Borrowing Gets A Little Easier

The "London Interbank Offered Rate," the interest rate at which banks can borrow funds from other banks, has dropped slightly for the third consecutive day. It's still not good compared to the days prior to the collapse of Lehman Brothers, but it suggests that more lending is going on.

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ALEX CHADWICK, host:

From NPR News, it's Day to Day. We're just checking up on the government's $250 billion bank rescue plan. The move was expected to ease tight credit markets and get banks to start lending money again. It's going to take some time to work. Marketplace's Janet Babin is here. Janet, is there some evidence that the banks are still reluctant to lend money and still charging a lot to do it? How do you see that?

JANET BABIN: Well, there is some evidence that the bank rescue plan is working, but it's working a bit slower I think than everyone had hoped. We measure this through this bank lending rate standard, it's called LIBOR. You've probably heard of it, Alex, but a refresher, LIBOR stands for the London Interbank Offered Rate, and it's just the average rate that major banks charge to lend money to each other. A lot of other lending rates are tied to this rate, including adjustable rate mortgages, student loans, that kind of thing.

Today, the three month dollar LIBOR rate is down 4.55 percent. Now, it's come down for three consecutive days. So, there's evidence that it's now costing less to borrow money, hence there's probably more lending going on. The big picture you have to remember that, say, before Lehman Brothers announced bankruptcy, that dollar LIBOR rate was down at 2.8 percent.

CHADWICK: Which was high then. They thought it was high then. Now, it's...

BABIN: Right.

CHADWICK: Now, it's really high. I really don't quite understand this. The governments in Europe and the U.S. government have come in and said, OK, we are going to guarantee your loans. We will back them up. Everything should be safe. Why isn't the rate falling faster after that?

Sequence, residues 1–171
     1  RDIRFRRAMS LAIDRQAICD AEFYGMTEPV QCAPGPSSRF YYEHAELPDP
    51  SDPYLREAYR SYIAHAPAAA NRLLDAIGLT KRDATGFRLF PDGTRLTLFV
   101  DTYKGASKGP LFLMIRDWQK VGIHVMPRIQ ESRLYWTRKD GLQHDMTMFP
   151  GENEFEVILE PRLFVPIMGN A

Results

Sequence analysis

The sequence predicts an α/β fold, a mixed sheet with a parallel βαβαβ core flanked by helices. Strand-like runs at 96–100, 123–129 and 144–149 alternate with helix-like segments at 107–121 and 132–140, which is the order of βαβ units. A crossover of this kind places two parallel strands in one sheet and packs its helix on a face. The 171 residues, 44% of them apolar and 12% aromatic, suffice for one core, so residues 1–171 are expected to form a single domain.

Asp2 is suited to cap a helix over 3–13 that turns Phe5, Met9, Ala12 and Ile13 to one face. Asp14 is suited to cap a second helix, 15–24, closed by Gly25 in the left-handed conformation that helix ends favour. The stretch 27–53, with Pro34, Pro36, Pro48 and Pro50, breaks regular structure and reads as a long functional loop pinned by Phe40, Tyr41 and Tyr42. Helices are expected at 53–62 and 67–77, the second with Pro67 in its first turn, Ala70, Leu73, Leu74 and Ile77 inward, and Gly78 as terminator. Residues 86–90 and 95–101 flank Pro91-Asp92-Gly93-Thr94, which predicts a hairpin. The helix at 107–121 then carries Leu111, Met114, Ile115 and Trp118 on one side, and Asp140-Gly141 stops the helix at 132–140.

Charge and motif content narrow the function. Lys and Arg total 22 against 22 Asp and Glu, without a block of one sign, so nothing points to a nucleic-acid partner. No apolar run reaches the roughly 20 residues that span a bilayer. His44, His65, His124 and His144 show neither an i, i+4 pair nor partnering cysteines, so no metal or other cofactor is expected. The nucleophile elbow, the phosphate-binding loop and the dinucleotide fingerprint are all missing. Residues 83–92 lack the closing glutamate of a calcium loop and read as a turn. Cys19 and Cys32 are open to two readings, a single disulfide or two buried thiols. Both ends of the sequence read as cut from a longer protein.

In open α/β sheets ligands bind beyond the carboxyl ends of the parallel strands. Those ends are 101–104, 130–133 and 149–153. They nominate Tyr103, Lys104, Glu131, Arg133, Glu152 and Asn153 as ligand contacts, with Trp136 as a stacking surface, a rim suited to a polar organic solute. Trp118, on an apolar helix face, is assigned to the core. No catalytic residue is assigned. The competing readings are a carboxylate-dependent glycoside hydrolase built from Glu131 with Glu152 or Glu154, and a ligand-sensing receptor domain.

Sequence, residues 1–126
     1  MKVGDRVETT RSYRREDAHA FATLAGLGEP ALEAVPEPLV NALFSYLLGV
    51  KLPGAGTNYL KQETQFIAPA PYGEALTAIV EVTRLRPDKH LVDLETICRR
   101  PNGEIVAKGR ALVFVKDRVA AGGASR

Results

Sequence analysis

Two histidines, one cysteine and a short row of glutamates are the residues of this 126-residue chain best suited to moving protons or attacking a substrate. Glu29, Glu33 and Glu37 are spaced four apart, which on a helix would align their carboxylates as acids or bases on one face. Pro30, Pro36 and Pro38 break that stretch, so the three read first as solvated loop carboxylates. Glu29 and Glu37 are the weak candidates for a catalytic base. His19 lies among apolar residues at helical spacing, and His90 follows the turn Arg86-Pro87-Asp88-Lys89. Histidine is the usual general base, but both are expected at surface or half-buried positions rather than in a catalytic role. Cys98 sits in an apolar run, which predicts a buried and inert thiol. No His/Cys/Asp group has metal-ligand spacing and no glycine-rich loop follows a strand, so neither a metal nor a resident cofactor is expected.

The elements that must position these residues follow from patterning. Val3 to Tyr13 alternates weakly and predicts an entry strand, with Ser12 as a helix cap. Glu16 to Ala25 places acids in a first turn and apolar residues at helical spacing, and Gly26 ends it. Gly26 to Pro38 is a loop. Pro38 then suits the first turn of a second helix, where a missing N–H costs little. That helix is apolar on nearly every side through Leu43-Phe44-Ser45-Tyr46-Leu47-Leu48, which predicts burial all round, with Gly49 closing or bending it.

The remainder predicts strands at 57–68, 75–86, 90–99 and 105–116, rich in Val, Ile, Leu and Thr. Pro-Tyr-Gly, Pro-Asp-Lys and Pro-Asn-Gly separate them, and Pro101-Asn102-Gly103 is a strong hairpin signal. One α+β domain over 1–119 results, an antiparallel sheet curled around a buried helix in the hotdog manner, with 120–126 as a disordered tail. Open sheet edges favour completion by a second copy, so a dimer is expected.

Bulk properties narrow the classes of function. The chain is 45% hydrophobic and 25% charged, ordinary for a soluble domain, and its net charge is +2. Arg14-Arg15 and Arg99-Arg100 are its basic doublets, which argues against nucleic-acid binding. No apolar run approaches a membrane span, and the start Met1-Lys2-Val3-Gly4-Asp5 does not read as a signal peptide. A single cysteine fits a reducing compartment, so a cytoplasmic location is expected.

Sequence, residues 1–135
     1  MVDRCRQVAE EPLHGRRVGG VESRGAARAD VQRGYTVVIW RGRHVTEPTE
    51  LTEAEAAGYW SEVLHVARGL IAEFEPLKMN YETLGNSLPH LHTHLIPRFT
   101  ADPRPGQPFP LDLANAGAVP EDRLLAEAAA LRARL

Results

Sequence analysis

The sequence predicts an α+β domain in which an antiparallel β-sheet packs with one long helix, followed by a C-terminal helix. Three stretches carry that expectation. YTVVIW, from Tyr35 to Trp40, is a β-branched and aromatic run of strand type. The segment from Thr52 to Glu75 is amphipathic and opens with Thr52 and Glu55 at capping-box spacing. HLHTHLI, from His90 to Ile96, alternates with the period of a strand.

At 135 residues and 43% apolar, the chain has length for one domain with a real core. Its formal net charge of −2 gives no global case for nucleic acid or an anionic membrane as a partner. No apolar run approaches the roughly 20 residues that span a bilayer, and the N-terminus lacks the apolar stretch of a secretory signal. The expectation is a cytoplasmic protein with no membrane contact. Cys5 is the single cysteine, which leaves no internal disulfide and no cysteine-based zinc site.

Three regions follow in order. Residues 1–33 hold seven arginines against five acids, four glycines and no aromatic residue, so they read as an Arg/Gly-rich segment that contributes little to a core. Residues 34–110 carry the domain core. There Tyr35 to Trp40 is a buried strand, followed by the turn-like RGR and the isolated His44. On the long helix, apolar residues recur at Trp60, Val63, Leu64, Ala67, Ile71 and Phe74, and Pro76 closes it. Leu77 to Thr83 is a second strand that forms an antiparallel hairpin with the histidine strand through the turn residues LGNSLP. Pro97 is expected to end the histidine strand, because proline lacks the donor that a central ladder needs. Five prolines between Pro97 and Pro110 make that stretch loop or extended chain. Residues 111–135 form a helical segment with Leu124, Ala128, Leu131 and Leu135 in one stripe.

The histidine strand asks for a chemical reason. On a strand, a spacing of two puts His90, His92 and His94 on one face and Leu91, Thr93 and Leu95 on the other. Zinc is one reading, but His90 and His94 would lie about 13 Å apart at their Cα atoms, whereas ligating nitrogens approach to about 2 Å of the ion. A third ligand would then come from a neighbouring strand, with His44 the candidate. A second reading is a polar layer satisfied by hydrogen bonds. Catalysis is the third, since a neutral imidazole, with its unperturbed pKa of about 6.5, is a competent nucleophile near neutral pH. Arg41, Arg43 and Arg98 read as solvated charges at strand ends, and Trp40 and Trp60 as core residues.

BABIN: Well, Alex it is - the government is backing the debt, injecting monies through preferred stock purchases we heard about yesterday - the $250 billion. But if the banks use the money to make bad loans to people, they're still on the hook for those losses. I spoke to Josh Rosner at Graham Fisher about this. He says, the bank rescue plan will enhance solvency, but you can't force banks to lend that money out.

Mr. JOSH ROSNER (Managing Director, Graham Fisher): You can actually spend money to add liquidity to the system, but if users of that capital aren't confident that the economy is going to be brighter, they will continue to hoard that money.

BABIN: No matter what you do?

Mr. ROSNER: Really, no matter what you do. Confidence has to come before liquidity.

CHADWICK: Janet, how do we get the confidence?

BABIN: Yes. That is the question. And I put it to Joseph Mason at Louisiana State University. He says the Federal Deposit Insurance Corporation, the FDIC, has got to get rid of problem banks.

Dr. JOSEPH MASON (Department of Finance, Louisiana State University): Bank regulators do have inside information, so to speak, on the condition of banks. And now is the time when it's crucial for bank regulators to act upon that information, cull the weak banks out of the system.

BABIN: So, Mason says, if we get those shaky banks out of the system, the money will start flowing again. But also, the banks have got to clear the balance sheets of those bad loans. And as Fed Chairman Ben Bernanke said today, we need to have patience. I suppose it's just going to take a bit more time to work.

CHADWICK: All right. We'll keep watching that LIBOR rate. Thank you, Janet Babin of public radio's daily business show, Marketplace.

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